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  • Writer's pictureBen Conrad

The Potluck Kingdom

Written by: Dave Marcello

About 5 years ago, I watched an old movie, one of my favorites. I had read the book as a teenager, and it had a great impact on me. The movie was, “The Robe”. It is the story of the Roman gladiator, Marcellus Gallio, who gambled for and won the robe worn to the cross by Jesus. Watching Jesus die had a great impact on Marcellus and during the remainder of the story, Marcellus becomes a Christian and eventually dies a martyr’s death for the cause of Christ.

One particular scene in the movie struck me as especially profound. One of the Christian leaders is calling the people of his village to task because they were taking advantage of Marcellus in a financial transaction. They believed that it was right to cheat a Roman soldier. But the leader told them that Jesus had taught them to be hospitable to strangers and made them refund money to Marcellus.

This scene made me think about what it means to be a Christian. It is more than proclaiming that Christ is the Lord of our lives, it is living by His teachings and allowing Him to actually be the Lord of our lives.

I realized that I was not a very hospitable person. I decided to change that and I came up with a plan to be more hospitable, to actually live out the teachings of Jesus. I decided that I would open my home for a potluck dinner twice a month, inviting whoever would come. This was outside of my comfort zone. I wasn’t sure what would happen.

For the first dinner, I went up and down my street, inviting my neighbors. For my comfort, I invited a few old friends and asked my grown children to come. That first evening, all we did was share a meal and spend some time introducing ourselves to each other. At the end of the evening I asked if the guests had enjoyed themselves and would they like to do it again in two weeks. To my surprise there was a lot of positive feedback and we agreed to come again in two weeks.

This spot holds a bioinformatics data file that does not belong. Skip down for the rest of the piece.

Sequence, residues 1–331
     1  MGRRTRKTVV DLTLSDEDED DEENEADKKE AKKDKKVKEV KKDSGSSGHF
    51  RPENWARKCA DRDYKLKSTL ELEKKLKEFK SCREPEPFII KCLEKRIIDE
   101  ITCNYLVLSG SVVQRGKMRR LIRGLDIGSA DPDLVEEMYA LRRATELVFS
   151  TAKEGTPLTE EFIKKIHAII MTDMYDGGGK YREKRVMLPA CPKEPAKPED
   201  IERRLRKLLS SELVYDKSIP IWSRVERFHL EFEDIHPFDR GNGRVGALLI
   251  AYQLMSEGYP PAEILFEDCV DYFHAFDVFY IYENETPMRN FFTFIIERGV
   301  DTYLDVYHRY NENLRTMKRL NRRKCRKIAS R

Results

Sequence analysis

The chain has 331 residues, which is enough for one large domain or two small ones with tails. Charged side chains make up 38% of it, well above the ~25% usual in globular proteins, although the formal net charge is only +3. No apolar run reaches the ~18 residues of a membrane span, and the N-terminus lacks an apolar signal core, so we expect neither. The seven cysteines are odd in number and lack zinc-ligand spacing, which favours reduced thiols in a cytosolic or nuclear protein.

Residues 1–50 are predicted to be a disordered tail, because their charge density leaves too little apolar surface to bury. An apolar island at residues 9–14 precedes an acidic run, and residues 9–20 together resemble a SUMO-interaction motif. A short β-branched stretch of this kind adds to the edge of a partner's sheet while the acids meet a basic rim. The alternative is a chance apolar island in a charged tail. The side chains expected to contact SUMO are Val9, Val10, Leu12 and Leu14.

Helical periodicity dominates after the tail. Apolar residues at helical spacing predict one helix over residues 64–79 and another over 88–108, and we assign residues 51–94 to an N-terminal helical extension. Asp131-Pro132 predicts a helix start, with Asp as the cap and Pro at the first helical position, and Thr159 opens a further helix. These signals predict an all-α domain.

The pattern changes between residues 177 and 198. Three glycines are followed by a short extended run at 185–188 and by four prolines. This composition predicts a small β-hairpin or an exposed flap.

At first I worried about whether the evenings were going to be a “success”. But as time has passed, my definition of “success” has evolved. Now, my only concern is that people feel comfortable and free to express themselves.

We always have some kind of activity aside from the eating. Sometimes we play games (charades, telephone, board games, so forth). Sometimes we have a topic for discussion. Sometimes we interview one of our group so we can learn more about each other. Sometimes we watch videos. Sometimes we just talk. Sometimes we share a communion.

In the “Good Samaritan” parable, Jesus teaches about hospitality between a believer and a non-believer (the Samaritan). One of the wonderful aspects of Tuesday meals is that our hospitality extends to non-believers. We have shared many meals with Muslims, with folks who tell us that they are confirmed atheists, with folks who say, “I am not sure what I believe.” We do not try to preach the Gospel with words to these folks, we preach it by loving them and showing radical hospitality.

I want to close with one of my favorite stories from a Tuesday evening. It was a game night and we were playing “Two Truths and a Lie”. Each person had to say three things about themselves, two of which were true and one of which was false. Then the group guesses which one is false. One of our group, an older woman who had lost her husband about three years earlier, took her turn and one of the statements related to her husband. After the group had guessed, she began to tell the story about her husband. As she spoke, she became emotional and began to weep. We were comforting to her, and also allowed her emotions to come out. Afterwards, she thanked us and told us that it was the first time she was able to cry since her husband died. God is good, all the time.

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